• Another small point for future consideration is that there is a town bylaw that prevents loam from being removed from the town. I will explore whether that bylaw was in place in 2012, and if so, someone should determine what the developers plan to do with the loam that will be removed during the blasting to clear the work area for the buildings.

Finally, I do hope that we, as a community – or as a collection of smaller groups of residents with common concerns – can start to move forward with requests, suggestions, and constructive criticism as part of the Public Hearing process.

I say this, NOT because this proposal ‘is a done deal’ (as I know a lot of us have anticipated). Nothing is written in stone. (Certainly, the number of incarnations of this plan that we have seen in just the last 5 months speaks strongly to the fluidity of the future.)

But, the reality is, that IF the State environmental and DOT agencies give a green light to this project (which, to be honest, seems far from a ‘sure thing’), to date, what the developers have been proposing seems to be largely within the confines of the 2012 Town Center by-laws to which they are to be held.

Yet – and this is important (and a quote from the May Public Hearing), IF the Planning Board finds that the submitted site plan “although in proper form, may be so intrusive on the needs of the public in one regulated aspect or another that rejection by the Planning Board would be tenable. This would typically be a case in which, despite best efforts, no form of reasonable conditions could be devised to satisfy the problem with the plan.”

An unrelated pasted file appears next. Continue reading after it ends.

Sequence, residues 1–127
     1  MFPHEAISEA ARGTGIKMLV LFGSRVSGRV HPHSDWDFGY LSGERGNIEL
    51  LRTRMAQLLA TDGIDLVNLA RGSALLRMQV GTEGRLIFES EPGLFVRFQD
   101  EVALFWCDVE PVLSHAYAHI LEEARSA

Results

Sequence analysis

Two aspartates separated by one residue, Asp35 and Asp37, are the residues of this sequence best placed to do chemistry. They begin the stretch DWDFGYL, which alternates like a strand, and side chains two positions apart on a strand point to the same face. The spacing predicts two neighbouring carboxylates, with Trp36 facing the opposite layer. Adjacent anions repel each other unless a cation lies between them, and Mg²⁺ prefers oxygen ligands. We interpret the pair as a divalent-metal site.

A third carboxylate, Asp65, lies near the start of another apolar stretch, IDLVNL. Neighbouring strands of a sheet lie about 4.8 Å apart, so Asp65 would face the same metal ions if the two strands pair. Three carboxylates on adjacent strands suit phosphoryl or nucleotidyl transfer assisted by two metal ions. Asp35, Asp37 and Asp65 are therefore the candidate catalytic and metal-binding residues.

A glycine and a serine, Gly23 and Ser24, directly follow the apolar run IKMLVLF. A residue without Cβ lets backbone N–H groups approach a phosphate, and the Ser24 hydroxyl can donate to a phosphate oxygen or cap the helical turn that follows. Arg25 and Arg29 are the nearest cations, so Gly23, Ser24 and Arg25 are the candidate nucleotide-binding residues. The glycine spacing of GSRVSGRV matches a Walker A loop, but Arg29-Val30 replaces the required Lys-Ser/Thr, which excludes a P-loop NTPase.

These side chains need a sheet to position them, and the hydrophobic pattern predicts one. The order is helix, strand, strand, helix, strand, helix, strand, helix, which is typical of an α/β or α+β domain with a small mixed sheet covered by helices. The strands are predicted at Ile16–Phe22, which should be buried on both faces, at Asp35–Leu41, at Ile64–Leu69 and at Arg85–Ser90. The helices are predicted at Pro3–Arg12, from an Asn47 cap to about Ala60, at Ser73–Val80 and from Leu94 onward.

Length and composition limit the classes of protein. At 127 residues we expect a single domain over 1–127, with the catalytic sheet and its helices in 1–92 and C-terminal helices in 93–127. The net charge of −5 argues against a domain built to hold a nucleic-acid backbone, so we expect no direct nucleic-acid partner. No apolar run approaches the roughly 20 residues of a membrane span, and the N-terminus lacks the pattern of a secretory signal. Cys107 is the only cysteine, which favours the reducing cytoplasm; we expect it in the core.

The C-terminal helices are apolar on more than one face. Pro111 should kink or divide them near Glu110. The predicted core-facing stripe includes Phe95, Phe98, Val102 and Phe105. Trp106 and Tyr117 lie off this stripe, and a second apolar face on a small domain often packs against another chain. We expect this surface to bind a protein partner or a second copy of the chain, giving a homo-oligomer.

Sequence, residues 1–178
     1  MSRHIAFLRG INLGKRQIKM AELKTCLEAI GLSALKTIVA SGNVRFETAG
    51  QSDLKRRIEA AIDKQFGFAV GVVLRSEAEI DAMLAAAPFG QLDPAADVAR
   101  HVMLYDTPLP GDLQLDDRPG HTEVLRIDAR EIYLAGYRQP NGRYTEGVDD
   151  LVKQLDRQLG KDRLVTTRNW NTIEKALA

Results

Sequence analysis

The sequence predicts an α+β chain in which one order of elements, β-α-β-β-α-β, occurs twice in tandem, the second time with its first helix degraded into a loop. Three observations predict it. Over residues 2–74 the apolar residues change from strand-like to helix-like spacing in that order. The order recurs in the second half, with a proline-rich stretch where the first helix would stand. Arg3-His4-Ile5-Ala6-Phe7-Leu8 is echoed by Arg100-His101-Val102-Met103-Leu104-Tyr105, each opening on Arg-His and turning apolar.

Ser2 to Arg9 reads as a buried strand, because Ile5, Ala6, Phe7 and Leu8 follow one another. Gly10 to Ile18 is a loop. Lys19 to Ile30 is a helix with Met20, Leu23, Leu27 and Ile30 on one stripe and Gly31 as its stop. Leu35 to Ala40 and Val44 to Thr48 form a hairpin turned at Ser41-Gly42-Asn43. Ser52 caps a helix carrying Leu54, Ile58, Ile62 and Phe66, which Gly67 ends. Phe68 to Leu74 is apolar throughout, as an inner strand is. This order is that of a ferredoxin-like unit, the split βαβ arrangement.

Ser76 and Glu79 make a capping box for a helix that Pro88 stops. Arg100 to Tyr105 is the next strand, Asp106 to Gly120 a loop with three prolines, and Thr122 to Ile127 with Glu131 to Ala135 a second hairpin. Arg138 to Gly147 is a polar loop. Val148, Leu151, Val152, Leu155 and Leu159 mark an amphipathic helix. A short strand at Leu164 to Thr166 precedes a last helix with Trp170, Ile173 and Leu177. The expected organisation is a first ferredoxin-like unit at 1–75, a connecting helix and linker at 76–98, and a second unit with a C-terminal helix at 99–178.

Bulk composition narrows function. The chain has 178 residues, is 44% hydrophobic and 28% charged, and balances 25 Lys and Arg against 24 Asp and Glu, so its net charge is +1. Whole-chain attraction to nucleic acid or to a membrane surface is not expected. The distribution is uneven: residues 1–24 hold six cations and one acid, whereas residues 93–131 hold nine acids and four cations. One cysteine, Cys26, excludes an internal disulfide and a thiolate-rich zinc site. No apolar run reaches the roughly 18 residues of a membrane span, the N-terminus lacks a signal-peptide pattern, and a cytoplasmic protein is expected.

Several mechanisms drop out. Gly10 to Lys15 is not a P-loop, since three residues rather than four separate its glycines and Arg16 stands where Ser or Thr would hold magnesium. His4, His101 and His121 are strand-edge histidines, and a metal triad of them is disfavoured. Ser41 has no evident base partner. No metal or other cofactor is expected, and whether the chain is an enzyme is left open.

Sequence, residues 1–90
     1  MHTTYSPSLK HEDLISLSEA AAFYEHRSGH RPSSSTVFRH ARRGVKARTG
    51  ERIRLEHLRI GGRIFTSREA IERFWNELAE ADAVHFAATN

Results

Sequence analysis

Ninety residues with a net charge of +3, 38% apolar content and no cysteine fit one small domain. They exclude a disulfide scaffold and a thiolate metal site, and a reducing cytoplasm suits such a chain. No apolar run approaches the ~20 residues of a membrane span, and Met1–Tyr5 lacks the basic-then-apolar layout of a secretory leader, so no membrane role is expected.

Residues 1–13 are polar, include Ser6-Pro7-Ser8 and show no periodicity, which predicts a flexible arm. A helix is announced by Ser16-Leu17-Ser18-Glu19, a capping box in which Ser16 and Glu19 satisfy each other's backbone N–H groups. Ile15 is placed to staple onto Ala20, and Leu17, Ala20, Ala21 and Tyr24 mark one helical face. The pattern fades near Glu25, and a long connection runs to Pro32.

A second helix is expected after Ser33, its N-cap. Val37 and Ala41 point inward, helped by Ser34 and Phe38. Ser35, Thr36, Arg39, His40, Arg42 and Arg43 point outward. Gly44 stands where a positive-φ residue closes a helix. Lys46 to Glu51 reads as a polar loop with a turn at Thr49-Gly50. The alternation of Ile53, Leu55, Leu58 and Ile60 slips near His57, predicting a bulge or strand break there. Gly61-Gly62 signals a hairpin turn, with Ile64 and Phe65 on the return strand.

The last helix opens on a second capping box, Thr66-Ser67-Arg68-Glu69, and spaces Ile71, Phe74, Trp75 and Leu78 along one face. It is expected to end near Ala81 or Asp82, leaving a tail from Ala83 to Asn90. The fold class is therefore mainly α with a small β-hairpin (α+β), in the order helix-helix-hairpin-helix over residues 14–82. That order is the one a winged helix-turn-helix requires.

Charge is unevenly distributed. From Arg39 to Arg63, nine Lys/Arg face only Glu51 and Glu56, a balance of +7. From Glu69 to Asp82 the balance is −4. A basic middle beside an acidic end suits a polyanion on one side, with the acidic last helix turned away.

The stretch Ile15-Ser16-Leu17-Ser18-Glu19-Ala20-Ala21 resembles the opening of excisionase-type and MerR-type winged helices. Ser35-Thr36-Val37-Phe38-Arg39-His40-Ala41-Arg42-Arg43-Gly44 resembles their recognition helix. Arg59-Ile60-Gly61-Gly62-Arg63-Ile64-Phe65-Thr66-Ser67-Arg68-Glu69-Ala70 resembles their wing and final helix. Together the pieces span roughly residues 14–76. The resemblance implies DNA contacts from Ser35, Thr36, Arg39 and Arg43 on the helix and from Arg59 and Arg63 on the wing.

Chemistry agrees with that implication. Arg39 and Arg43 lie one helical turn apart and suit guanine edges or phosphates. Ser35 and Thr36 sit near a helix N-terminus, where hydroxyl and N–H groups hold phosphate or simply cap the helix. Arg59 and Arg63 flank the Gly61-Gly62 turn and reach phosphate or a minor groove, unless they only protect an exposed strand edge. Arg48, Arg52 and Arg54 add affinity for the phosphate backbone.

Thus, for this clause to be enacted, we ALL must make an effort to find compromise. I am unsure whether such a compromise will be possible, but there are a few ideas that have been discussed here and there.

With respect to this hope, a group of us will set up a table at Fifer’s Day (June 17th). Please come look for us there. We’ll have printouts of the latest plans, and I would love to hear any concrete suggestions of what you would like to see on this land (rather than the primary focus to date of what we would NOT like to see).

Perhaps we can find ‘reasonable conditions’ to present to the applicants at the June 26th meeting. Since it appears it will be the last Public Hearing till at least August, and more likely September, it will give the developers time to consider and perhaps incorporate suggestions from the community.

If not, we can all say that we tried, and then it will be up to the Planning Board to determine whether the final plan is excessively ‘intrusive on the needs of the public’, or not.

Thank you again to everyone who came to the meeting last night, despite the 11th hour rumors that a continuance might be in the works. I think it was exceptionally helpful that we had so many concerned residents in attendance, and will go a long way to ensuring that the Public Comment period is not closed precipitously.

Again, I am so grateful to be part of a community of individuals who are willing and able to come together to participate in decisions that impact all of us, and the generations (and new arrivals) to come. This is how it is supposed to work. And YOU make that a reality. I’m proud to be a Boxborough resident.